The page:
Learn what gives Senior Humanitarian Response Specialist Sandrina da Cruz hope in the midst of the COVID-19 pandemic.
Sandrina da Cruz
Senior Humanitarian Response Specialist, GlobalGiving
Who She Is:
Sandrina is responsible for coordinating GlobalGiving’s response to disasters and humanitarian crises. Her work involves strengthening a robust network of local responders, working closely with corporate partners, and advising all GlobalGiving’s stakeholders on disaster relief grantmaking. Prior to joining GlobalGiving, Sandrina worked with national and international NGOs in Sri Lanka, Mongolia, Maldives and the Lake Chad Basin. While in Uganda, she supported UN peacekeeping missions in east and central Africa, and she worked on protection of civilians and civil military coordination with the UN peacekeeping mission in the D.R.C. (MONUSCO). Sandrina holds a Master’s in International Affairs from the Fletcher School of Law of Diplomacy.
Q: Introduce us to a few partners working to stop COVID-19.
A: I’m in awe of the hundreds of GlobalGiving partners that have doubled down on their support to communities around the world while their teams and families are themselves affected by this pandemic. In Italy, Fondazione Francesca Rava Nph Italia Onlus is coordinating closely with hospitals and government agencies to provide critical medical support. They are sending volunteer doctors and nurses to local hospitals, supplying medical equipment for emergency intensive care wards, and delivering masks and other protective equipment to shelters and foster care centers.
Sheltering in place puts people vulnerable to sexual and other domestic violence and abuse at even greater risk, particularly children and women. Childline Kenya manages the National Child Helpline which operates 24/7—coordinating with government agencies to respond urgently to increasing requests for help. Because of inadequate access to WiFi, their staff must travel to the call center to provide this crucial service.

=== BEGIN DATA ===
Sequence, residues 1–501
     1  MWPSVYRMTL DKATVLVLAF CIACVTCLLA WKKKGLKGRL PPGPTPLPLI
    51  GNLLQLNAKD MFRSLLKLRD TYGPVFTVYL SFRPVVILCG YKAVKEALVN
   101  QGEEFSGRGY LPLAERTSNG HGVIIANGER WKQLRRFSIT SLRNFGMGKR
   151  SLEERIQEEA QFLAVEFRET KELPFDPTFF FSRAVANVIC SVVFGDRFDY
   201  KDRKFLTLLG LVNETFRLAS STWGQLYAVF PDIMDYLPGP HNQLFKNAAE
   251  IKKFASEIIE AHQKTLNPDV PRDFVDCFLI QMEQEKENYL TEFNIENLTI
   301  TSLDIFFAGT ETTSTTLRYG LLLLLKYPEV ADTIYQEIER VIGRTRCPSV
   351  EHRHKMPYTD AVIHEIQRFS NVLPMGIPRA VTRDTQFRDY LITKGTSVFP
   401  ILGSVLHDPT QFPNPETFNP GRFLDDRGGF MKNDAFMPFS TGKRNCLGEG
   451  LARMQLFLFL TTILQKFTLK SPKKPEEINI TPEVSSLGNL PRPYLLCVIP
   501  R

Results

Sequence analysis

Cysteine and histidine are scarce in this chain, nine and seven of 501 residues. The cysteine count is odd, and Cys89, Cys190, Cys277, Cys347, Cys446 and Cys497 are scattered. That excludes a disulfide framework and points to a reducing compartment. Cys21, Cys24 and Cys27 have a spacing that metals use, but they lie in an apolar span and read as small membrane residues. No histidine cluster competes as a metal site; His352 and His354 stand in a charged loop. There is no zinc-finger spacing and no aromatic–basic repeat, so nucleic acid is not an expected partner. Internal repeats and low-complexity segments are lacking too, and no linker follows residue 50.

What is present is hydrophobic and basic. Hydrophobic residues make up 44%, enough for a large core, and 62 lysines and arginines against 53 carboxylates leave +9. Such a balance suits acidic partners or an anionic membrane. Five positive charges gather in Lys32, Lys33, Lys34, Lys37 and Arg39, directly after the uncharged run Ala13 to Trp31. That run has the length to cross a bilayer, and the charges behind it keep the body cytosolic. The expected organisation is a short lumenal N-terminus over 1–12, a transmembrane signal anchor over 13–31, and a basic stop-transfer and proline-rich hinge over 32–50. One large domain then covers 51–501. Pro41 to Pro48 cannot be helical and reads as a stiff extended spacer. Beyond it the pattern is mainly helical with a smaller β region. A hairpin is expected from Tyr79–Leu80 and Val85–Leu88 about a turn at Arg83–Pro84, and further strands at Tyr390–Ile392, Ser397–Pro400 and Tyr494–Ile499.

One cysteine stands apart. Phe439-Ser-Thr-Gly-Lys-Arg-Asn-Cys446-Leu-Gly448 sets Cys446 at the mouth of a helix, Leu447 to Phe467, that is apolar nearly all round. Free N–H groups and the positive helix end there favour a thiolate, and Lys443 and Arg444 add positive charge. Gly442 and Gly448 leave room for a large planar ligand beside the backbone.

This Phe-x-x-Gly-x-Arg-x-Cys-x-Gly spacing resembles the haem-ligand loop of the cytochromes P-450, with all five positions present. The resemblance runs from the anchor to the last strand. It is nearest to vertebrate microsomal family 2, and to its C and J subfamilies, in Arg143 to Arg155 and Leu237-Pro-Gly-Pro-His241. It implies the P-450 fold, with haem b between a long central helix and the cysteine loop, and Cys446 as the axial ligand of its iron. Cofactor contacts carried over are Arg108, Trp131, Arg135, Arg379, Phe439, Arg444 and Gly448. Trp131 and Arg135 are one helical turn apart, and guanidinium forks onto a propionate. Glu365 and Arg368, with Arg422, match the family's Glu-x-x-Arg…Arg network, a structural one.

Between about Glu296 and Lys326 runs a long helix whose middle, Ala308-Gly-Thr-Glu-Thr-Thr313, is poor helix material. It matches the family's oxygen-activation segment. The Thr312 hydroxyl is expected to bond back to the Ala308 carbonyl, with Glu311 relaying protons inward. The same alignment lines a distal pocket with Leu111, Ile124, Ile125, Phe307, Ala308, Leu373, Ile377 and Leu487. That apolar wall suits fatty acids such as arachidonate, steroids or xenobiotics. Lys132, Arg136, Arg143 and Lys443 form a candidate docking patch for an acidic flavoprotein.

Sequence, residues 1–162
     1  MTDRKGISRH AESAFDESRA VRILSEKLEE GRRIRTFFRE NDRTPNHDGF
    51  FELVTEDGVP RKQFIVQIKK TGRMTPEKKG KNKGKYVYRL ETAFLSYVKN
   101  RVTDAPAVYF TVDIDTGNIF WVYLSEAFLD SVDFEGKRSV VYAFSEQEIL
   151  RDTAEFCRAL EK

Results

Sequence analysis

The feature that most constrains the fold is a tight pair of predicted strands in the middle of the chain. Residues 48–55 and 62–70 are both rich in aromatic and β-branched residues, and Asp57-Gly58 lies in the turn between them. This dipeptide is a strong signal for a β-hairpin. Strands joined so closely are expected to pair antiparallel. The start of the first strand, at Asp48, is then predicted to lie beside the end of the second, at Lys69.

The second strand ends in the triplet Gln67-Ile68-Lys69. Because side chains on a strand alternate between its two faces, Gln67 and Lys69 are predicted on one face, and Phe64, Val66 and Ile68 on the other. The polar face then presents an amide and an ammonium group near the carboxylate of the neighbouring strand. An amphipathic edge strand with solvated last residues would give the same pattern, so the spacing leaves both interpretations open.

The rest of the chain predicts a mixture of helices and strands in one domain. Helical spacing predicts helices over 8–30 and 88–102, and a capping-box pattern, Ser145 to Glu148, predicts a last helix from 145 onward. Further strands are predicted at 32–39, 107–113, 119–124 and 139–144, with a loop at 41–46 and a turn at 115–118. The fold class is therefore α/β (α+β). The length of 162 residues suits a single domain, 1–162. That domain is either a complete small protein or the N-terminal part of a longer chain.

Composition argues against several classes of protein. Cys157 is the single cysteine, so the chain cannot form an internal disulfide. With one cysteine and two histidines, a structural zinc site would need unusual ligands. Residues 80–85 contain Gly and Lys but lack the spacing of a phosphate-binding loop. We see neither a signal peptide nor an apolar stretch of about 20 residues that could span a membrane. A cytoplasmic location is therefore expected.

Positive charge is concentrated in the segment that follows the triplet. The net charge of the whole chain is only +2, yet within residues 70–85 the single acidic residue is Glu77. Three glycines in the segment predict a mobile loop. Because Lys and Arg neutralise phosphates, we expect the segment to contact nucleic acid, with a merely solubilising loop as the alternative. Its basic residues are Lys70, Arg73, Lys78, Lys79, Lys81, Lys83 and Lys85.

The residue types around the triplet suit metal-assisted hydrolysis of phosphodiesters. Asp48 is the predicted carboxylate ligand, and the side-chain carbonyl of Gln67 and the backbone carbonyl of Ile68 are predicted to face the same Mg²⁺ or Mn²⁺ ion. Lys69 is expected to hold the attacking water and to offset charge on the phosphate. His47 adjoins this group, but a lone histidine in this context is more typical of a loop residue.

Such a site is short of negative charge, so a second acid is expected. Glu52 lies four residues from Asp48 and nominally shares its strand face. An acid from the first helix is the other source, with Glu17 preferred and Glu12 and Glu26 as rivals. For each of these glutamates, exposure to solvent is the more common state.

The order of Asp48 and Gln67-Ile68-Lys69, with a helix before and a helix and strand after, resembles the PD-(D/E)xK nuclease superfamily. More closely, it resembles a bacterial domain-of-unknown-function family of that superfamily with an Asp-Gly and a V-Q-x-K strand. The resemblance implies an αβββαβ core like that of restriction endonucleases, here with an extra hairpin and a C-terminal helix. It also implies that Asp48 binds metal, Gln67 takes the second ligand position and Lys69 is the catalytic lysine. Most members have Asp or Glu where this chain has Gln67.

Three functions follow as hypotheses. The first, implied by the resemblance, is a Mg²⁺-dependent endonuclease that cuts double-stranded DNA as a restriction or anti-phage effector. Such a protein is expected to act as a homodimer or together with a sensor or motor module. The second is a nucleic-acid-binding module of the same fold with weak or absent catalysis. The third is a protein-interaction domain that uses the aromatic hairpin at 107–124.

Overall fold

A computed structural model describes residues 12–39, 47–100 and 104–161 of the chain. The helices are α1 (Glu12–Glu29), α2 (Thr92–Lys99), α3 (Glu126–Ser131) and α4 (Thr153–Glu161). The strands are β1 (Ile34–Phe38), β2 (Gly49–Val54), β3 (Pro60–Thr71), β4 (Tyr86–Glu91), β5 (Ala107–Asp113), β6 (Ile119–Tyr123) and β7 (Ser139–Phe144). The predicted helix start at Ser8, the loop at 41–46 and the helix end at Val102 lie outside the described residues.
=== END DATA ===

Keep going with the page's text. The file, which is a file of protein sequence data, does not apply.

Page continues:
People with disabilities are being overlooked during the COVID-19 response—both in terms of access to safety information and services. The Arc of South Norfolk in Massachusetts reallocated 56 direct care workers into residential homes for people with disabilities. Their team is delivering groceries and cleaning products to hundreds of families living with children and adults with disabilities.
Q: What is one challenge facing nonprofits in the time of COVID-19?
A: Social distancing measures are essential to bring the pandemic under control, but nonprofits are finding it difficult to continue providing services to the most vulnerable among us. I’m hearing from our partners that even if they could deliver their programs and services to clients remotely, they don’t have the technology to make this possible. They don’t have laptops for their staff to work from home, or reliable WiFi access. In some cases, nonprofit teams need training on the use of new online platforms or money to pay for the necessary tools and software. In addition, it’s frequently the case that with libraries and other community centers closed, their clients do not have computer or online access.
Q: What about this pandemic worries you based on your experience working with crisis-affected communities?